I am very grateful for the permission of Merthyr Tydfil CBC Librariesto allow me to photograph the maps in their collection. As these maps are also over 50 years old, the Ordnance Surveyrequest only that the following information is added to each image: ‘Reproduced from the (add date) Ordnance Survey map’.
The annotated detail of the 1876 OS Map of Merthyr Tydfil Town Centre, shows the present day approximate positions of the following: Left to Right –
The College at Merthyr Tydfil
The current pedestrian footbridge
The proposed site of the new Bus Station on Swan Street
The image above showing the weirs on the River Taff is the exact site of the current pedestrian footbridge link form the College at Merthyr Tydfil, to the St Tydfil Shopping Centre.
The Ynysgau Iron Bridge of 1799 is just a few hundred yards upstream from the weirs in the previous image. The Glamorganshire Canal is clearly seen on the left.
The Buildings on Swan Street in the above image – including the large Rectory and the adjacent property called The Hollies, were demolished at some point during the 1960’s to make way for new developments and roads. The Hollies Medical Centre and the Police Station – both built on this site, are now being demolished to make way for the new Bus Station.
The above detail from an OS map of 1919, has been annotated by me to show the positions of the existing pedestrian footbridge (left), the site for the new Bus Station (middle) and the site of the old Merthyr Tydfil Train Station (right). The train Station was built on the site of the current Tesco Store in the centre of town. The original station building was by I.K.Brunel.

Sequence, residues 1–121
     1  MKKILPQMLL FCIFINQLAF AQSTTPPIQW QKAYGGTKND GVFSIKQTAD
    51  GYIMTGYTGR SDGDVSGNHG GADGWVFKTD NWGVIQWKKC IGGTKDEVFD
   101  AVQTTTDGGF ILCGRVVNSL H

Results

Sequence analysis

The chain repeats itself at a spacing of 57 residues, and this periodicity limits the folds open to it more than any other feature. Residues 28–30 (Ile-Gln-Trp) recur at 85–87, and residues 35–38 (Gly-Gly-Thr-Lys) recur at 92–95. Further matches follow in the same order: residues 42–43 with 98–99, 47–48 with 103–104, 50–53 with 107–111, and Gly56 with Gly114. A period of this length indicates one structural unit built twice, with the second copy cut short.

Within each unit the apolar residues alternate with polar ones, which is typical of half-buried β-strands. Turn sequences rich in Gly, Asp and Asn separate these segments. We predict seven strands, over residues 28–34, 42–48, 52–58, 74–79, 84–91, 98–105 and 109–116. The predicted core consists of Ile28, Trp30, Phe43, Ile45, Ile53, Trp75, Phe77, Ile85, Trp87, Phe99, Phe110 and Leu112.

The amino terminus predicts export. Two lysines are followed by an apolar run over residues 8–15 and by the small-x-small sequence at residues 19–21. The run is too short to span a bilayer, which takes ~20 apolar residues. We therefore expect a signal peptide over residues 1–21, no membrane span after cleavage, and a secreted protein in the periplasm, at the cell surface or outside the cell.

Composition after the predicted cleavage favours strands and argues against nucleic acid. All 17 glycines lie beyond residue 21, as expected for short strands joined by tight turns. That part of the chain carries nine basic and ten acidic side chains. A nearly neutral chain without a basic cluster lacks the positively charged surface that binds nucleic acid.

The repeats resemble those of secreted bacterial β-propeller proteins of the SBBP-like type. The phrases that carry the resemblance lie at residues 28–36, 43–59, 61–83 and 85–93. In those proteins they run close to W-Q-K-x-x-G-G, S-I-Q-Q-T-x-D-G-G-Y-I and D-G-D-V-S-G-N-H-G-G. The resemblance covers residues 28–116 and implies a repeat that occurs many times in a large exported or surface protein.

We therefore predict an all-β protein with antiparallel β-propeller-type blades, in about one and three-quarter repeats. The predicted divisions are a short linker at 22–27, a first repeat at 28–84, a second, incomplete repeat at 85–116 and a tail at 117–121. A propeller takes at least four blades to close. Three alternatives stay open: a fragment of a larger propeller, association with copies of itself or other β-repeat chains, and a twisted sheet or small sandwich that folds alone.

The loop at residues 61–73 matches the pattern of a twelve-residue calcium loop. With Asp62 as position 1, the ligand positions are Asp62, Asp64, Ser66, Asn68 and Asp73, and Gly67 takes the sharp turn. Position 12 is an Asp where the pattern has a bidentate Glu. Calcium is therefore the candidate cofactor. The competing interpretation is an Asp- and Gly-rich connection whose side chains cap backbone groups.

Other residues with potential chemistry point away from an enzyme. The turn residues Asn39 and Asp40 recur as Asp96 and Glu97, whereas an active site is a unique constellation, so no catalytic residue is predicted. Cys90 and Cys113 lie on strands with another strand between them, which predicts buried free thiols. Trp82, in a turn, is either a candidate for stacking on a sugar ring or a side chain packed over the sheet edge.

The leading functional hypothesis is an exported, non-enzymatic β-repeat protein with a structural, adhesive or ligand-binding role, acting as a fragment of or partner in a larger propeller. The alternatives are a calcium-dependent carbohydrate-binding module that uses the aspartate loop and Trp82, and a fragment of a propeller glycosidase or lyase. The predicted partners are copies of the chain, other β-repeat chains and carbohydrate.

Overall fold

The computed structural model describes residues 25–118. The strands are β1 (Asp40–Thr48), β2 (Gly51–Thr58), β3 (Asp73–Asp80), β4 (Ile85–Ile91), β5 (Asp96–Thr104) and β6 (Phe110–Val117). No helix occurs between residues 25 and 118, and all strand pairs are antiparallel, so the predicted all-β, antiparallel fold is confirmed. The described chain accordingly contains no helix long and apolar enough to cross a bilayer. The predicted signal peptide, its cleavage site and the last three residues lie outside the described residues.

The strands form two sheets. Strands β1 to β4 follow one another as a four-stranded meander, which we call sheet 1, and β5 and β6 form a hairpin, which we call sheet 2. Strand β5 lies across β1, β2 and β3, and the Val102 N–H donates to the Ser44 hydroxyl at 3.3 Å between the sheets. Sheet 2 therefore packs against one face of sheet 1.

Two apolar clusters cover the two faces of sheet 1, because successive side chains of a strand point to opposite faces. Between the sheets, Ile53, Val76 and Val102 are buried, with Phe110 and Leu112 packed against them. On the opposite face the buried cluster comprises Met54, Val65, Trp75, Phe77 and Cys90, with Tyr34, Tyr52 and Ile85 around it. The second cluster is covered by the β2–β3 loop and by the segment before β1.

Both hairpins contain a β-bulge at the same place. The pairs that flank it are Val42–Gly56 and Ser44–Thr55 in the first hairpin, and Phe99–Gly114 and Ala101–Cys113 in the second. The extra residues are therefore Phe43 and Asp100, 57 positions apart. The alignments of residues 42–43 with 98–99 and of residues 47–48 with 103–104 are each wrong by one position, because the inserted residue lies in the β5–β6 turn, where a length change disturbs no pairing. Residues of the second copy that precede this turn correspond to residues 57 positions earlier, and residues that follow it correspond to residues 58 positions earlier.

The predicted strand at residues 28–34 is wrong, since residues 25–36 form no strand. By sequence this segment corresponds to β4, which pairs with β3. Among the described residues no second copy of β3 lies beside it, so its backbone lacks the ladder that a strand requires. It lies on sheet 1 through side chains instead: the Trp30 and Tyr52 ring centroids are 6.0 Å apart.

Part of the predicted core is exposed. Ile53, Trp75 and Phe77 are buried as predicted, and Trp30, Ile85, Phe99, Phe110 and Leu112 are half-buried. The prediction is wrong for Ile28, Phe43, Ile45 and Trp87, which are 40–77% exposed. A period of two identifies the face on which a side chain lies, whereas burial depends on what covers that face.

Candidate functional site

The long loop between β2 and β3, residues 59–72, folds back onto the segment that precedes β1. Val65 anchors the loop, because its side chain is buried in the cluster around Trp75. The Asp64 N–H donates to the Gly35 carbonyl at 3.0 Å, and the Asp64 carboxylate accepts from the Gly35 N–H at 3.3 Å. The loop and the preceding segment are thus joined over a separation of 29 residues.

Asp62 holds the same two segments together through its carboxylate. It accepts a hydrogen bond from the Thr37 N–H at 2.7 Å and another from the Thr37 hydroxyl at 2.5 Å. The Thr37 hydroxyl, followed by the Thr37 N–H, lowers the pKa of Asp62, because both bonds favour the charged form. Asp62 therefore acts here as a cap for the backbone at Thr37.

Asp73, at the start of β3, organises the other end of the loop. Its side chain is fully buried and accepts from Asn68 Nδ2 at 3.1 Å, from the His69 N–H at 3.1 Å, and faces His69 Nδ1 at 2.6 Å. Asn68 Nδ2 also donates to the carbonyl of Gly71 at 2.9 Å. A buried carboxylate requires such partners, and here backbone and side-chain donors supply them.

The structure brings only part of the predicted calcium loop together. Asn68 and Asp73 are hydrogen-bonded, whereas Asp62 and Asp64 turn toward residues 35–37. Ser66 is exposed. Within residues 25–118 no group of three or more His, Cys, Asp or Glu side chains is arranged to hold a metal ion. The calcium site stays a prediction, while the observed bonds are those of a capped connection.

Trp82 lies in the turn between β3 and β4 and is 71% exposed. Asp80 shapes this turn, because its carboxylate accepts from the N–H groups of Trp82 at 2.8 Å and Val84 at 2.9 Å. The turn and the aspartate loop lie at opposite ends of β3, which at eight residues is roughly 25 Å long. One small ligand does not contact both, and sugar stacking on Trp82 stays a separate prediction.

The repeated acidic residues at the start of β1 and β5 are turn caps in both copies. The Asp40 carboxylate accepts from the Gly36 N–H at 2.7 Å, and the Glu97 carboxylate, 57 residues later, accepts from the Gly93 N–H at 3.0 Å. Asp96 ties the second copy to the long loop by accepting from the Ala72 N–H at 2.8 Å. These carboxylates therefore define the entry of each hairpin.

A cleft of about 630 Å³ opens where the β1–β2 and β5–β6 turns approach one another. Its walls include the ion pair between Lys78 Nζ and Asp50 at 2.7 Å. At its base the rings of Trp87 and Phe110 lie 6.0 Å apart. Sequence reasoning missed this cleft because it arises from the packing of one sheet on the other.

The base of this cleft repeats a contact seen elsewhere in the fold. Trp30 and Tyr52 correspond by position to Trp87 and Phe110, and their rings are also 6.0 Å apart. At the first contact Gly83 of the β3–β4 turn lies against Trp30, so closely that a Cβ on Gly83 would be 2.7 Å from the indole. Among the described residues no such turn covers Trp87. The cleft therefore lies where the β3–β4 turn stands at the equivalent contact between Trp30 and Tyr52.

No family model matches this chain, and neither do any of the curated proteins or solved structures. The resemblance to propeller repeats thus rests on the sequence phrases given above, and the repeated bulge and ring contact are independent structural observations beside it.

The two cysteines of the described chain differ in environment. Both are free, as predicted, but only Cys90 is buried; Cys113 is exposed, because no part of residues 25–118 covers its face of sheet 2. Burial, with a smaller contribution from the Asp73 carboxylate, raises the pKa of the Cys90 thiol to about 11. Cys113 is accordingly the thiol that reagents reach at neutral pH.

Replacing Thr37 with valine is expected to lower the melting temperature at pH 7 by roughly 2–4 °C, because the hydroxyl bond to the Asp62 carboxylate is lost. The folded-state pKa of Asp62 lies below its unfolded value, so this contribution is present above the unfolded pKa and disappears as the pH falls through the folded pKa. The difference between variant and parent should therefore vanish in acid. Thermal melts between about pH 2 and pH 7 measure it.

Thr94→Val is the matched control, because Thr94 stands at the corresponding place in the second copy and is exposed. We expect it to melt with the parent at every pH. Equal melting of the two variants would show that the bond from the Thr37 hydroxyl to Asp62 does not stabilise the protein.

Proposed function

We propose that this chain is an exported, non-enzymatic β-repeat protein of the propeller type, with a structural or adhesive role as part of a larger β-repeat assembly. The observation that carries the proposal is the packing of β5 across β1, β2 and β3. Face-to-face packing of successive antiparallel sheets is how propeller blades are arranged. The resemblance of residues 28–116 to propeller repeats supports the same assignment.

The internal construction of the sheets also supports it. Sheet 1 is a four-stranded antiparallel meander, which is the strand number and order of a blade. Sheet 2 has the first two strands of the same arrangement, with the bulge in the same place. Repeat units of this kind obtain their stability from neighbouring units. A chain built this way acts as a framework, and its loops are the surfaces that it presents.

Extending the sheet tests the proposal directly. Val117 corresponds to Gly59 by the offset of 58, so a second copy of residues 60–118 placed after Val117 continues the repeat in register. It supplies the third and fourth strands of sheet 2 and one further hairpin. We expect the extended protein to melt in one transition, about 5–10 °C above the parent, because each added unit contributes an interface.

I very much like the interconnectivity between the Ironworks – in pink – and the railway tracks and River Taff. The word that keeps coming to mind is ‘Confluence’, – describing the point at which two bodies of water meet. In this case – the dynamic interchange of the man-made and the the natural – albeit controlled – forces of water.
The branching patterns of rail tracks are fluid and respond to the local topography.
The above detail is from the 1920 OS Map above, shows rail lines in cuttings with embankments and raised trackways and crossing points.
This lovely map clearly shows the positions of the Iron Bridge of 1799 & the weir on the River Taff. The pedestrian footbridge of 1970 crosses immediately downstream of the weir linking the College – on the site of the former Ynysfach Iron works, to the St Tydfil Shopping Centre – which was built upon the site of the old Market Square– seen on this map. Swan Street is also clearly marked – a couple of streets below the Market Buildings. This is the site for the new Bus Station. The Old Station was at the top of the map on the site known as Glebeland– originally land belonging to the Church.